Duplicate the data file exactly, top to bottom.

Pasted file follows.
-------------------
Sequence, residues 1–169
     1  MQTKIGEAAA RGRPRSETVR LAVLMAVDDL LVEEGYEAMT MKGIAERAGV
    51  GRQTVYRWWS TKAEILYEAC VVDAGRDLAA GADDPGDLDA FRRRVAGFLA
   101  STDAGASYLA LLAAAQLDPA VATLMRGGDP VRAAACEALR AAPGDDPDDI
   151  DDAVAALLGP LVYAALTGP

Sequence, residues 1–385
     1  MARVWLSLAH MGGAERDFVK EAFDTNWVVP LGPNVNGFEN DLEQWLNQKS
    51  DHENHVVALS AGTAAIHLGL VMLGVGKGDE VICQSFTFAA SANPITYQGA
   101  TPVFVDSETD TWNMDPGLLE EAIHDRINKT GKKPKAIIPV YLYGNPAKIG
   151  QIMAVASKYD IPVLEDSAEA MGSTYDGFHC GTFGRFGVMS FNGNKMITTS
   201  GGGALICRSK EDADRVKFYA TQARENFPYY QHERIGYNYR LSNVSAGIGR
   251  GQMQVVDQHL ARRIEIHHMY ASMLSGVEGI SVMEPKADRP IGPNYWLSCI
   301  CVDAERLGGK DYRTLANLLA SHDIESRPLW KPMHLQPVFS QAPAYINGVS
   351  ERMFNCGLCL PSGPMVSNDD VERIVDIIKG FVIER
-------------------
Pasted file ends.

Sequence, residues 1–169
     1  MQTKIGEAAA RGRPRSETVR LAVLMAVDDL LVEEGYEAMT MKGIAERAGV
    51  GRQTVYRWWS TKAEILYEAC VVDAGRDLAA GADDPGDLDA FRRRVAGFLA
   101  STDAGASYLA LLAAAQLDPA VATLMRGGDP VRAAACEALR AAPGDDPDDI
   151  DDAVAALLGP LVYAALTGP

Sequence, residues 1–385
     1  MARVWLSLAH MGGAERDFVK EAFDTNWVVP LGPNVNGFEN DLEQWLNQKS
    51  DHENHVVALS AGTAAIHLGL VMLGVGKGDE VICQSFTFAA SANPITYQGA
   101  TPVFVDSETD TWNMDPGLLE EAIHDRINKT GKKPKAIIPV YLYGNPAKIG
   151  QIMAVASKYD IPVLEDSAEA MGSTYDGFHC GTFGRFGVMS FNGNKMITTS
   201  GGGALICRSK EDADRVKFYA TQARENFPYY QHERIGYNYR LSNVSAGIGR
   251  GQMQVVDQHL ARRIEIHHMY ASMLSGVEGI SVMEPKADRP IGPNYWLSCI
   301  CVDAERLGGK DYRTLANLLA SHDIESRPLW KPMHLQPVFS QAPAYINGVS
   351  ERMFNCGLCL PSGPMVSNDD VERIVDIIKG FVIER